Punjab By-Election: S S Mann’s Victory Is Worrisome; Not Because AAP’s Losing Shine

The results of a single Lok Sabha by-election are seldom sufficient to draw broad generalisations. That being said, SS Mann’s Sangrur triumph for Shiromani Akali Dal (SAD) is exceptional enough to be the outlier. Mann, a politician commonly regarded as “extreme”, has beat the odds and defeated AAP with 35.6% of the vote share.

Punjab CM Bhagwant Mann has held the Sangrur constituency in the previous two Parliamentary elections. Candidates from the SAD, Congress and BJP, three long-time administrators of Punjab, all forfeited their deposits.

Mann’s success may be attributed to a growing dissatisfaction with the AAP. However, it is vital to situate his victory in the context of SAD’s decline and the tumultuous nature of Punjab. Politics and Sikhism go hand in hand in the SAD. In 1996, under the leadership of Prakash Singh Badal, the party prioritised regional identification above religious affiliation.

It was SAD’s reorientation that helped ‘de-fang’ the state’s centrifugal impulses. That time seemed to have come to a close. SAD came in third place in the March assembly elections with 18.4% of the vote. SAD placed in fifth place in the Sangrur by-election with 6.2 percent of the vote.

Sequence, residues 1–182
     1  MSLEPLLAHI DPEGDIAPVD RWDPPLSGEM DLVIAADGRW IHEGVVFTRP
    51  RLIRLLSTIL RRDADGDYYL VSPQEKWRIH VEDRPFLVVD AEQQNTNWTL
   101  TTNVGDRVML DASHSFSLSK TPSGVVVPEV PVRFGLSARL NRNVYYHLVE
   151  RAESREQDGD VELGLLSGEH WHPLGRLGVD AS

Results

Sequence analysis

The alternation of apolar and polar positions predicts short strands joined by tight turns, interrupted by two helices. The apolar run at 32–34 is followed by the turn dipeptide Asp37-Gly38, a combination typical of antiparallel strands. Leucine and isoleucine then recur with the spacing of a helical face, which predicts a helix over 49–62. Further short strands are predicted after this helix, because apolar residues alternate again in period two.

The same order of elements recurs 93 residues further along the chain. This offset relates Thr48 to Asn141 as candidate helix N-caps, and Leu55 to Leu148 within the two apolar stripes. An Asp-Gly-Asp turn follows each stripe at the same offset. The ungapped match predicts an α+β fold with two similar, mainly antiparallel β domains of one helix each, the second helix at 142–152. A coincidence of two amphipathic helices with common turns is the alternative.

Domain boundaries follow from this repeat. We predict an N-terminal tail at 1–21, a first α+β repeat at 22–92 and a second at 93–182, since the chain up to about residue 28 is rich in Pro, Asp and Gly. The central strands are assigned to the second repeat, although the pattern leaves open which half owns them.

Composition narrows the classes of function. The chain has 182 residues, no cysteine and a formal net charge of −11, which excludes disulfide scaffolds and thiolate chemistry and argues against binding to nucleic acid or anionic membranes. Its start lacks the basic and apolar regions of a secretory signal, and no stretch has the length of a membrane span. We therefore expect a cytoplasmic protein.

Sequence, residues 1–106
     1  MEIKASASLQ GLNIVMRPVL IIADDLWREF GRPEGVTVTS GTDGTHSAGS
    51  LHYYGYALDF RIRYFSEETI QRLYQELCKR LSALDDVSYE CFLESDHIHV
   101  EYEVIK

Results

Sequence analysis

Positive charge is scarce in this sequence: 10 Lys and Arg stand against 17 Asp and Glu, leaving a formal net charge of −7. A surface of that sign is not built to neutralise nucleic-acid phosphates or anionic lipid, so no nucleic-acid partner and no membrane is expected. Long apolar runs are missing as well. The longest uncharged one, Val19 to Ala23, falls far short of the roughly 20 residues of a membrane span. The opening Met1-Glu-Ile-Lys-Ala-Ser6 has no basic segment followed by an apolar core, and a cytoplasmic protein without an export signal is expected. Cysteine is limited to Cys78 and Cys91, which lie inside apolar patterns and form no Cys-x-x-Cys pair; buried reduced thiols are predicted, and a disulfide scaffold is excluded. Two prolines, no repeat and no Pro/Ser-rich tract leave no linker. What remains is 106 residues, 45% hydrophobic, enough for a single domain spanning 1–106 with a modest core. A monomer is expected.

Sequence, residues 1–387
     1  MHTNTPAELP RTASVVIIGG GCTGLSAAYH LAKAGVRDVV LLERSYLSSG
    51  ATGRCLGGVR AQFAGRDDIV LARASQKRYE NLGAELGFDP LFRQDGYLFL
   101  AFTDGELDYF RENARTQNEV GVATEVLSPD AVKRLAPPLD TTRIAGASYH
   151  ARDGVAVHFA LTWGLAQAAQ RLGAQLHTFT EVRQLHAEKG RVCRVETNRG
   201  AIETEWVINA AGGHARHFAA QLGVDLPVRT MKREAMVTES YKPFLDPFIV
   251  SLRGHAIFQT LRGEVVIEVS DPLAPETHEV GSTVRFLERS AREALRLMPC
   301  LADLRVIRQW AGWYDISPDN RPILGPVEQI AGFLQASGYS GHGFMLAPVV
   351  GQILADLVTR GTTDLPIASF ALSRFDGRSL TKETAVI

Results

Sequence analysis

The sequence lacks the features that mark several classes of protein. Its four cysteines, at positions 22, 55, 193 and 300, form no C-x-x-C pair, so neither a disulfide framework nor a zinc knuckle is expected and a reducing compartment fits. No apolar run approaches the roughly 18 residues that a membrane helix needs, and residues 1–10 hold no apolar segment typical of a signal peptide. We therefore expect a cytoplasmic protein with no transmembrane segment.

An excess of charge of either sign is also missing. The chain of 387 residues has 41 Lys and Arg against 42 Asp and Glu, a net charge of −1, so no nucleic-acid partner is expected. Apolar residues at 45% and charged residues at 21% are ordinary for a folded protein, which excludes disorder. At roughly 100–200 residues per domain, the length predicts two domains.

According to reports, Mann was gaining popularity without the organisational framework. Slain Punjabi musician Sidhu Moose Wala, who had his postmortem song SYL removed on YouTube when the government of India objected to its lyrics, supported Mann this time. Punjab’s sovereignty was a demand of the song, which also praised a Khalistani insurgent.

On top of that, Mann’s Twitter bio states he’s the Member of Parliament for Sangrur and that he’s working for Khalistan.

Amidst Punjab’s economic woes, these ominous signs have a magnified effect. In India, the largest contributor to the PDS, the situation is bleak. The unemployment rate in Punjab was 9.2 percent in May, which was higher than the national average.

An example of an economic difficulty highlighted in the first budget presented by the AAP administration yesterday is a diminishing percentage of its own tax income in total collections. The success of Mann should alarm the mainstream parties.